Wine n’ About | Conventional wine VS Natural wine [infographic]
Wine Basics
Conventional wine VS Natural wine [infographic]

We all know that wines are made of grapes. But not every single bottle of them is naturally made 100%. It is common that wine producers love to see that their wines have a beautiful colour, pleasant smell and good taste. This is why most of them choose to interfere with their wines to obtain certain qualities.

In the wine making process these days, additives thus play an imporant role. Wine producers commonly use additives and methods such as acidification and enrichment to standardize their wines. They also use commercial yeast, instead of airborne yeasts, to make the fermentation of their wines more predictable. Filtration and fining process also becomes common in wine making to clarify wines.

Wine n’ About has gathered all the information about common additives and methods used for standardizing wines in the wine industry nowadays. This easy-to-understand infographic will help you see a clearer picture, showing the difference between conventional wines and natural wines. Cheers!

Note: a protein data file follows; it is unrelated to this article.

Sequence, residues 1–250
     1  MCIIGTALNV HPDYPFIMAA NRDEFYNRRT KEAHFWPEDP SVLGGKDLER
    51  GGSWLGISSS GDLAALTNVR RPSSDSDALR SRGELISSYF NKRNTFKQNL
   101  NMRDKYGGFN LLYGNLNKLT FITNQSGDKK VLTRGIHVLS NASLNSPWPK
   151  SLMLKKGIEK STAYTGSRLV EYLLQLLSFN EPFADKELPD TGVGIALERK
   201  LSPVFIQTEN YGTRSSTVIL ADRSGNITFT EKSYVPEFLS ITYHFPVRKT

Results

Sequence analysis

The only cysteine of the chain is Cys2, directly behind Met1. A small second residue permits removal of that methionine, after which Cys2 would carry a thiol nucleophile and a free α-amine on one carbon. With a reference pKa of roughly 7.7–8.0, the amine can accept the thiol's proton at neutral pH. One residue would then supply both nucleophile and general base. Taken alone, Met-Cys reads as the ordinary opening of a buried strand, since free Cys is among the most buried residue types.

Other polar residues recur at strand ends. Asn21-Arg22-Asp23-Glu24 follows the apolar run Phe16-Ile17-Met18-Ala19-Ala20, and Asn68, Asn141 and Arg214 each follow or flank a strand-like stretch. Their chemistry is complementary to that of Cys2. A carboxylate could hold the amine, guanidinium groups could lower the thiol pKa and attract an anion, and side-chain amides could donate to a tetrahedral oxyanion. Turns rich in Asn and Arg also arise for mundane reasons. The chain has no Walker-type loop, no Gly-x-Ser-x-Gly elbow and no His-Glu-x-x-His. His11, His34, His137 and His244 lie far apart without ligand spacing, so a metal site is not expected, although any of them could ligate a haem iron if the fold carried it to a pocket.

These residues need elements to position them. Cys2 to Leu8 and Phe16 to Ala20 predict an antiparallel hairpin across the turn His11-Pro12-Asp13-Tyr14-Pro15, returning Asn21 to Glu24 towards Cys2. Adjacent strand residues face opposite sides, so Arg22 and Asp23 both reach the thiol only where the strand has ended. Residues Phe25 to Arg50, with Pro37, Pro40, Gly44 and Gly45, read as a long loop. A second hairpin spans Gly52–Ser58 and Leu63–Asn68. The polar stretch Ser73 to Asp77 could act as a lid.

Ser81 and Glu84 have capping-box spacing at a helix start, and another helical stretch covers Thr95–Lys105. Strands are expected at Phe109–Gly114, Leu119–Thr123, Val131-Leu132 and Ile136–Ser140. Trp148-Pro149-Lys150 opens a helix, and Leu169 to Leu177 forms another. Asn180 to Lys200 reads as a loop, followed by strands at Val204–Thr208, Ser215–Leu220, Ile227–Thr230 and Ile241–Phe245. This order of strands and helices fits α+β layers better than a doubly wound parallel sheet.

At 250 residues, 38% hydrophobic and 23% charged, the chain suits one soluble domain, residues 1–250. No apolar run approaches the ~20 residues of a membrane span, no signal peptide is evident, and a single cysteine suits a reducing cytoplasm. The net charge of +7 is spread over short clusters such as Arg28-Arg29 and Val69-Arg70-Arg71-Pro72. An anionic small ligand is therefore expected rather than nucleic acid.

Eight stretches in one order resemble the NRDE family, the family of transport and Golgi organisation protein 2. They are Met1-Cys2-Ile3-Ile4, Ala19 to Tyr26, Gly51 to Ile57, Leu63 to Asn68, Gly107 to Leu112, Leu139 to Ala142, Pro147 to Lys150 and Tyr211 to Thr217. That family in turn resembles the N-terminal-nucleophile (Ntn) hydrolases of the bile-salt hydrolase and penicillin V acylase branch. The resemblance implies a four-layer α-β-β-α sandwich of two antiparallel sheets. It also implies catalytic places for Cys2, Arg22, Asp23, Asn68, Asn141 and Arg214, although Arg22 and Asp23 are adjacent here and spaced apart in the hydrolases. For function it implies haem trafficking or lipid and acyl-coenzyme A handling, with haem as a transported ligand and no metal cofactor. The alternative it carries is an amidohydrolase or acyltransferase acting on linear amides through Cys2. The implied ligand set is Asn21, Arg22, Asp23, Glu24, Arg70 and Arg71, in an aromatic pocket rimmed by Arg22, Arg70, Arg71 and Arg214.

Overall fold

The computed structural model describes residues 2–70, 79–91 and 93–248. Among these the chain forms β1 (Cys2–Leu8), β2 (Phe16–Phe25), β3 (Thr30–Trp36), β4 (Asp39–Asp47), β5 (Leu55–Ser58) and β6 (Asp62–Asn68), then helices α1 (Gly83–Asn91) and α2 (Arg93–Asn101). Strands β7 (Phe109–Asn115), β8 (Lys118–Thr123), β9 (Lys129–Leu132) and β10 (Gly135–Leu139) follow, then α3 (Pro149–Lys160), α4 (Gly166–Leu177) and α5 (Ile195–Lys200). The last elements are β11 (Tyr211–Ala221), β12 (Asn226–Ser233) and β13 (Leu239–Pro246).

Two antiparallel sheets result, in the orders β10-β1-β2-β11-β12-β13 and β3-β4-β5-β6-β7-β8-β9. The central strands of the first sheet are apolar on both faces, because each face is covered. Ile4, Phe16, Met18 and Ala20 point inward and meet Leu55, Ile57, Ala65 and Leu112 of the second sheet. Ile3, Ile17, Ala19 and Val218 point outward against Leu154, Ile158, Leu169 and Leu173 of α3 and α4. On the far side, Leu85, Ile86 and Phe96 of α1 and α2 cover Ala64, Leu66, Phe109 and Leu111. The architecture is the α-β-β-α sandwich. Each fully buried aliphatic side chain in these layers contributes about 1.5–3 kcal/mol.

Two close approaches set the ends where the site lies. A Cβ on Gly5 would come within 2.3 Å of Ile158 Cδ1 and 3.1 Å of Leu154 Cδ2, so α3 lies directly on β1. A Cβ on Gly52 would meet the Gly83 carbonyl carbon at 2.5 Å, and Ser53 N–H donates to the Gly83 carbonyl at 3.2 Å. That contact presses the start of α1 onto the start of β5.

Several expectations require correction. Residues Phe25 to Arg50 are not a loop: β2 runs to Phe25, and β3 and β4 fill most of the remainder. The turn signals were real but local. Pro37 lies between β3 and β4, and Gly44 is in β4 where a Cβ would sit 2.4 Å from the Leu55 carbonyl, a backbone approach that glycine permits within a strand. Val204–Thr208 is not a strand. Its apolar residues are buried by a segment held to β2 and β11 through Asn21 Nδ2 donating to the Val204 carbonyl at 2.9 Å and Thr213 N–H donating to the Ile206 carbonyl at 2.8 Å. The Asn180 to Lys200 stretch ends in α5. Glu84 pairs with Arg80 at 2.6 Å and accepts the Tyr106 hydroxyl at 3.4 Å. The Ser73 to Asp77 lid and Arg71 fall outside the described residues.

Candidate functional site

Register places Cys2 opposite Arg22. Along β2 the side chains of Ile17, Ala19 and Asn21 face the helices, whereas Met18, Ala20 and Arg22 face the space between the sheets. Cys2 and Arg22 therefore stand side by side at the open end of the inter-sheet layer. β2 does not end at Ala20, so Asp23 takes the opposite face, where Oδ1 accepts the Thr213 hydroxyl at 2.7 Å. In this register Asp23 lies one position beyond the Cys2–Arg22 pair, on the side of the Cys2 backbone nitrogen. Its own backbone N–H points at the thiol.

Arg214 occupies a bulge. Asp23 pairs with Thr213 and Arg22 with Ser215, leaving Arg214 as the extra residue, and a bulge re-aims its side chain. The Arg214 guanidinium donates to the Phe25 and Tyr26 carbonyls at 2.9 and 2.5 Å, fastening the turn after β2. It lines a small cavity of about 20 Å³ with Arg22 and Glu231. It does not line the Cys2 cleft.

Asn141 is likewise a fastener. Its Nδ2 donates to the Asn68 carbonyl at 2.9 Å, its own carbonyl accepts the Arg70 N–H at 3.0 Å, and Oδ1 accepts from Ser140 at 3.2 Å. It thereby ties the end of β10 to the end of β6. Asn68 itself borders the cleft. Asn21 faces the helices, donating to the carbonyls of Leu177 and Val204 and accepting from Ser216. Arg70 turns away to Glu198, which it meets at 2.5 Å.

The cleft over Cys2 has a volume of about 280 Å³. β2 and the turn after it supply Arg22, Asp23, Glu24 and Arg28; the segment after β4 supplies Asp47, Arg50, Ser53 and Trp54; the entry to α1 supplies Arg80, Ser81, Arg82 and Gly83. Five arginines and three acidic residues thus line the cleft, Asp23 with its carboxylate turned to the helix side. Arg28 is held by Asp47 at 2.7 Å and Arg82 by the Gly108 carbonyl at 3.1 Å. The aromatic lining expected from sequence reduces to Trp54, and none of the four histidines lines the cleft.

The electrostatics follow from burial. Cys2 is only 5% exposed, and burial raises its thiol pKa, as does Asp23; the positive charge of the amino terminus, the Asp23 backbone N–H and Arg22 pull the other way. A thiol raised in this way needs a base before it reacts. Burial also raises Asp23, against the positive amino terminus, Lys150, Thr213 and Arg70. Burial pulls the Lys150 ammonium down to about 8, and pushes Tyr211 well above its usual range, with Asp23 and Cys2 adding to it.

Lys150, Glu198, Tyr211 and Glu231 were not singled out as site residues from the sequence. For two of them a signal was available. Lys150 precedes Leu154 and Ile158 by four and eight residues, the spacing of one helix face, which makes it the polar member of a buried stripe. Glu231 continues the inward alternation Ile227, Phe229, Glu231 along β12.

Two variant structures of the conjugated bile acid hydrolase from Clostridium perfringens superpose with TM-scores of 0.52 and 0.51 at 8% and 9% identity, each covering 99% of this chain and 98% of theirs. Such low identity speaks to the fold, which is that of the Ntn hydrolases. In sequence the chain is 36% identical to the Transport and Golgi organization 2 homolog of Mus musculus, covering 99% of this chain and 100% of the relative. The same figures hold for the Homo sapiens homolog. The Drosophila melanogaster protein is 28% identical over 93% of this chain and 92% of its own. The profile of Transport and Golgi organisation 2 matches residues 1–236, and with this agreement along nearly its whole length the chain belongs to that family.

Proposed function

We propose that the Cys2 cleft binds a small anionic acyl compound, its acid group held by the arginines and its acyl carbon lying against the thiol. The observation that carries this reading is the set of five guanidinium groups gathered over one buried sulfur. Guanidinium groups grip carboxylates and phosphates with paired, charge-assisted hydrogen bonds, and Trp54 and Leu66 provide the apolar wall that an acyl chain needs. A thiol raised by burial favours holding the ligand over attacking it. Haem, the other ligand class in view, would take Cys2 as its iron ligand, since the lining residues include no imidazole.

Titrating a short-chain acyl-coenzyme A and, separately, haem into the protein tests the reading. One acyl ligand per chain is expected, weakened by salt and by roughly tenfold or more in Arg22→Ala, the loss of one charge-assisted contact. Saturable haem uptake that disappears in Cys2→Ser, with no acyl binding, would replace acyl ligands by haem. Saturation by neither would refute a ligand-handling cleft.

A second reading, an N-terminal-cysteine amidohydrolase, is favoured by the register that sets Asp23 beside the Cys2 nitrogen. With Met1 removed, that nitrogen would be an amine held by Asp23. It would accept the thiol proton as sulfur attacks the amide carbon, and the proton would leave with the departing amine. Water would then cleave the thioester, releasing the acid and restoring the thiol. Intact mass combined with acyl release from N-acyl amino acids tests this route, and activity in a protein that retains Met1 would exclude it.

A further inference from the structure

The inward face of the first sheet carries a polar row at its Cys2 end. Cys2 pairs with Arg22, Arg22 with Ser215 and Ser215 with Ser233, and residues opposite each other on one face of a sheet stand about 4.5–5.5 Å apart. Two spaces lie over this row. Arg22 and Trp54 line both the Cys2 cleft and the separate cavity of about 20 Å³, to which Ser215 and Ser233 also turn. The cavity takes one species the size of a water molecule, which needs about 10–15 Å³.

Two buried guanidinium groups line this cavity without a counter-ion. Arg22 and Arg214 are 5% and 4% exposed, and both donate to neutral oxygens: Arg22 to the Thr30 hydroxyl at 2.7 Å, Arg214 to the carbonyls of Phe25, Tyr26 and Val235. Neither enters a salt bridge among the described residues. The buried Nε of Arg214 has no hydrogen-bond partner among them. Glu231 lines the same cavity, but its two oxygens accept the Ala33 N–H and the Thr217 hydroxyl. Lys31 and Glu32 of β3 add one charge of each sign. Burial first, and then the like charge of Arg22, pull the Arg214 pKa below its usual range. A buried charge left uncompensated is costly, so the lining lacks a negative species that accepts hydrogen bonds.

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  • M_expat

    What are you doing here? This is a misleading article. Your concept of “natural’ wines is a myth. The treatment of wine for various reasons is as old as winemaking itself. “Natural” winemaking? Like throw some grapes in a tub and let them ferment and then bottle the terrible result? The craft of the winemaker is to shepherd the raw fruit through crushing and fermentation, stabilizing it, clearing it from it’s sediments and preparing it to be put in a bottle in pristine condition that will not go cloudy or re-ferment in the bottle. SULFITES ARE NOT THE MAIN CAUSE OF HEADACHES AND HANGOVERS, naturally occurring histamines in the wine are the main cause of hangover / headaches. Sugar is never added except possibly by home winemakers with poor skills. Grape concentrate rich in naturally occurring fruit sugars, can be added to increase the sugar concentrate which when fermented leads to higher alcohol in the finished wine. You give the impression that balancing the wine somehow subverts the “true nature’ of the grapes. Instead it uses the true nature of the grape and improves the overall balance and heightens the qualities of the finished wine – unless of course you like drinking oxidized, cloudy wine with off odors and tastes.

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